What characteristics does a small business have? Are they physical, such as a garage, or a table with lemonade? Perhaps it is small in economic terms, with simple book-keeping, such as selling hummels online for $5 apiece. Perhaps small is two people staying up all night with tools and wiring trying to build a machine the world will eventually not be able to live without. Regardless of how you small businesses are viewed, they carry many different characteristics.
Small businesses represent a large portion of Canadian economic output and are defined by many physical, economic, social, and geographic characteristics. Physical is the physical space (a small office building), economic is the annual revenue (see Figure 3) *, social is the employee makeup (1-99 employees in Canada is considered a small business) (see Figure 4), and geographical is location (commonly located in small towns and small markets).
One factor that is present in a variety of small businesses today is their willingness to look globally. Although their geographic location keeps them grounded physically, their outlook and their business model lends itself to a world-wide approach. This relates to the learning organization in ways that leaders and managers will look for big change outside of the walls and beyond geographical limitations. Similarly to how many small companies will export their entrepreneurial products to other areas of the world, leaders in learning organizations will use the entrepreneurial attitude to export holistic knowledge internationally.
This leads to the similarities and differences between a small business owner and an entrepreneur. Along with the classical characteristics of each, this contrast will develop an understanding of its relevance inside a learning organization. To better understand these similarities and differences, see the Venn diagram in Figure 3.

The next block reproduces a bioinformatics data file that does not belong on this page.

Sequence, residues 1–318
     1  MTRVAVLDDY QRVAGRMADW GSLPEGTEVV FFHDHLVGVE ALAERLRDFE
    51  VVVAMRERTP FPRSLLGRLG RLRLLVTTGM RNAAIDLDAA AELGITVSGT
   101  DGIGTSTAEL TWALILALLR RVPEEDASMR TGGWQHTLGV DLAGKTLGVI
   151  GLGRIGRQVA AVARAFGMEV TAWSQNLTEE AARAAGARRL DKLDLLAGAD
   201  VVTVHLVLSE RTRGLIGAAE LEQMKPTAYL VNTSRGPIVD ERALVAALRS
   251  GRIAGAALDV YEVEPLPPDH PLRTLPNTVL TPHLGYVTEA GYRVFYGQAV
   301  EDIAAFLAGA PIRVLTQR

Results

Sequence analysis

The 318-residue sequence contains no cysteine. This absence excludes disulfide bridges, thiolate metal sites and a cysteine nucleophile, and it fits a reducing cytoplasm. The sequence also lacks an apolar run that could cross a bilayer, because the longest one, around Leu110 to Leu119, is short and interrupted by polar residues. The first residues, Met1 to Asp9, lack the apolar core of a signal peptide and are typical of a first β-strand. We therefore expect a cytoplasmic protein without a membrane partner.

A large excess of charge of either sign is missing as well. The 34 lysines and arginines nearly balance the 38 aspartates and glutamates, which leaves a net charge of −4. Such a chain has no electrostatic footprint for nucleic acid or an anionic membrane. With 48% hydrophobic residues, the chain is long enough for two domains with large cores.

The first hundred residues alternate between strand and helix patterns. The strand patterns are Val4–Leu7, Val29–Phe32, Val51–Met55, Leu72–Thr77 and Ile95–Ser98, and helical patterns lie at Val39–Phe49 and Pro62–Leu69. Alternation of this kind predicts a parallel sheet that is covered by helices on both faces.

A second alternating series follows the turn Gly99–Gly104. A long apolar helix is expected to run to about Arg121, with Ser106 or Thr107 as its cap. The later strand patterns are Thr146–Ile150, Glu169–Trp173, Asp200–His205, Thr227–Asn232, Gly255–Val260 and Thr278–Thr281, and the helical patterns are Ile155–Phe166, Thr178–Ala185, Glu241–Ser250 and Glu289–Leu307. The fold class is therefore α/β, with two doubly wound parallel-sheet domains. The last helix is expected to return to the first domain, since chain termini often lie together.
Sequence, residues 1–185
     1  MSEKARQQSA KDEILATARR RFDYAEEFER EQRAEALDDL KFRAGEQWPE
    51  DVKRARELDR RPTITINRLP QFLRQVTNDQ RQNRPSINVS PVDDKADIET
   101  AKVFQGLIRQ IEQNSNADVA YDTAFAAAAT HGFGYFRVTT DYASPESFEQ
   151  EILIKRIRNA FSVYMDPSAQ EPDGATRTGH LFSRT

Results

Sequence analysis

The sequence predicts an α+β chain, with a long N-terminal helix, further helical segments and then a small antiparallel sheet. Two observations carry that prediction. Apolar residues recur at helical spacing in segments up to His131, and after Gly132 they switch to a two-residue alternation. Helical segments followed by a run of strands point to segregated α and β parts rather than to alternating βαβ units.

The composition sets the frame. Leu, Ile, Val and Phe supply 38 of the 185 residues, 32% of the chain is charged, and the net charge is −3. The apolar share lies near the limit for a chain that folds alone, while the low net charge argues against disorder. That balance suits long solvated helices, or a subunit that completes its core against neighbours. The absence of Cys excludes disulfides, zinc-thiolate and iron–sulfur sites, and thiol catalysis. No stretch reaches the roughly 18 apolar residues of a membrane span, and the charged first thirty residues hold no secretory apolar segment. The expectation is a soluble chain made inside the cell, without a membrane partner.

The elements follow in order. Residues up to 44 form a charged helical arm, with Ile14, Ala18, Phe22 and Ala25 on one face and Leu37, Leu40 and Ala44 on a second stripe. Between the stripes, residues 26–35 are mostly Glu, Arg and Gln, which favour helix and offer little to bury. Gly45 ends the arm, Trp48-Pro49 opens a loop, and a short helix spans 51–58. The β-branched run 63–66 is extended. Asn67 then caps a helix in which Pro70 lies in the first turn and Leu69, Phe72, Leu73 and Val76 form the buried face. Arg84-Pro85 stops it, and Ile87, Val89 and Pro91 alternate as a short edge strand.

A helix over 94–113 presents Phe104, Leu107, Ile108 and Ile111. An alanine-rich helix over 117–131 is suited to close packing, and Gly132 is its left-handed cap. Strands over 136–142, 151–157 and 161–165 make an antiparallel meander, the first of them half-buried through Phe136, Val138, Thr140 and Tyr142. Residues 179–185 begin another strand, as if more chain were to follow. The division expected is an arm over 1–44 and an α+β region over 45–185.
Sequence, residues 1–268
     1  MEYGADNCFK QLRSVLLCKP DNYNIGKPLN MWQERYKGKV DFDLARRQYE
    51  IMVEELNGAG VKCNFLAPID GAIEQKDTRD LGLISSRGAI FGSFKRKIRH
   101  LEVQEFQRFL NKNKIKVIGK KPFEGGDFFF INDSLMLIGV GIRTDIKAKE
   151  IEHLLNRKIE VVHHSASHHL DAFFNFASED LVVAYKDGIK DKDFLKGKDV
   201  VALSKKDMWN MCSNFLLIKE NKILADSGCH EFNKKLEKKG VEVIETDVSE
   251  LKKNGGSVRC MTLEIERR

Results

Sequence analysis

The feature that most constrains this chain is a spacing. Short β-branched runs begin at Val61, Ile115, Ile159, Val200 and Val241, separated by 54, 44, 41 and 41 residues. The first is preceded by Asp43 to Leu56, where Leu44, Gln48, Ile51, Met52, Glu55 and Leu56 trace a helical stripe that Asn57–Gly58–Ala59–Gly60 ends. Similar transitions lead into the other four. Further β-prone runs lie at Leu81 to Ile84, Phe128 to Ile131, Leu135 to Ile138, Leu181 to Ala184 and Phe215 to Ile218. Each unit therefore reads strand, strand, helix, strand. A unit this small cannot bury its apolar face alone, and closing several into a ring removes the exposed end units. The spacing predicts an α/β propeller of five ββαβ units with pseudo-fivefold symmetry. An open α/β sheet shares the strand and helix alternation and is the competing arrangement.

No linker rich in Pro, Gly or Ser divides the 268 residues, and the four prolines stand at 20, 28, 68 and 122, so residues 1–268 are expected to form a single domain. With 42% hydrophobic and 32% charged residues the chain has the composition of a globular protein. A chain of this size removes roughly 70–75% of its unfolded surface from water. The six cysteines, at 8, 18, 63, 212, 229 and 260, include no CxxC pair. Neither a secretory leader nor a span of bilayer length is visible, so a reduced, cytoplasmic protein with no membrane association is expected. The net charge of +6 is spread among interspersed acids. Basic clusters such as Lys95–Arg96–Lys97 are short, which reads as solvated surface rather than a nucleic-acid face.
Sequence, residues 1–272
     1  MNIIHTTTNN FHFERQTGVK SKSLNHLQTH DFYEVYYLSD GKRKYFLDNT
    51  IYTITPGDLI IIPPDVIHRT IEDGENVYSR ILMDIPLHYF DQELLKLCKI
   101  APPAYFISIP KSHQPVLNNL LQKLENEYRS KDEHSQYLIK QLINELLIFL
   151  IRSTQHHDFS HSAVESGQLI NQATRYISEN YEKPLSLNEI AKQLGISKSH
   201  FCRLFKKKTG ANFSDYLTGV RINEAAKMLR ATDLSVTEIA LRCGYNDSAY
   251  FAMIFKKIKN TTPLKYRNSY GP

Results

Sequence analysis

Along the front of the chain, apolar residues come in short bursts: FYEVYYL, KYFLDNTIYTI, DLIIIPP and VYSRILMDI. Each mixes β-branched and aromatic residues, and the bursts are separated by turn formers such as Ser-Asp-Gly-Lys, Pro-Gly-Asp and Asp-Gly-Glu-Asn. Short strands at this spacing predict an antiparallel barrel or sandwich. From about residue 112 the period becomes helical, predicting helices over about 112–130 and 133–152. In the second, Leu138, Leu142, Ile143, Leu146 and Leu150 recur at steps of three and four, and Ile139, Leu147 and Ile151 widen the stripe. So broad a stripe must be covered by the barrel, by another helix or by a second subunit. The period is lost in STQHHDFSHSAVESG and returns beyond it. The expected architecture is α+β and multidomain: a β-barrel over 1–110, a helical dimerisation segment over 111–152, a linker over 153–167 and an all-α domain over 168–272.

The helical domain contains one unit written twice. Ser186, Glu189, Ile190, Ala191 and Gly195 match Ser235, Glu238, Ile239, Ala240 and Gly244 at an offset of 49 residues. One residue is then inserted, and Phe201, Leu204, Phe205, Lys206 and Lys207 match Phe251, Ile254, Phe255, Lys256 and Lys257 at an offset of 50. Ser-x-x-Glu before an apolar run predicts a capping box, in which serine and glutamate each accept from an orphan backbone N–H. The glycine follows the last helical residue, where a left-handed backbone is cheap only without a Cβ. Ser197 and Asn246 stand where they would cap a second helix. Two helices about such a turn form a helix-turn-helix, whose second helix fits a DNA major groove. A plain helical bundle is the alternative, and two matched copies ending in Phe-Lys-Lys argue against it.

The best way to look at this is to use the comparison of a book store owner and Jeff Bezos. The book store owner buys and sells books for a profit, and maintains an effective model of selling physical books; whereas Bezos created a new model called web-based book-selling which is an effective, fresh, and innovative way to sell books.
How this relates to the learning organization is the fact that there is a variety of different ways to lead individuals in fostering knowledge. An entrepreneurial approach would create a fresh and innovative way to change epistemological reasoning, and grow the knowledge of individuals. On the other hand, an existing epistemological concept could be used to maintain a knowledge base, which is a theoretical concept much like a small-business owner. Regardless of the design, it is important to keep a set of inherent values in keeping with the middle slice of the Venn diagram in Figure 3. The values must balance the two worlds effectively:
- Creating companies for the general public = Using wholesome knowledge for the learners
- Drive for profit = Drive for developing deep and critical thinking
- Effective business modeling = Effective learning theories to develop learners.
Learning organizations can utilize the ideas from small businesses and entrepreneurs to develop an ethical framework that would serve as a personal guide to amplify epistemological knowledge.
- What are some relationships between entrepreneurs and small business owners?
- What are some similarities between entrepreneurial values and values within the learning organization?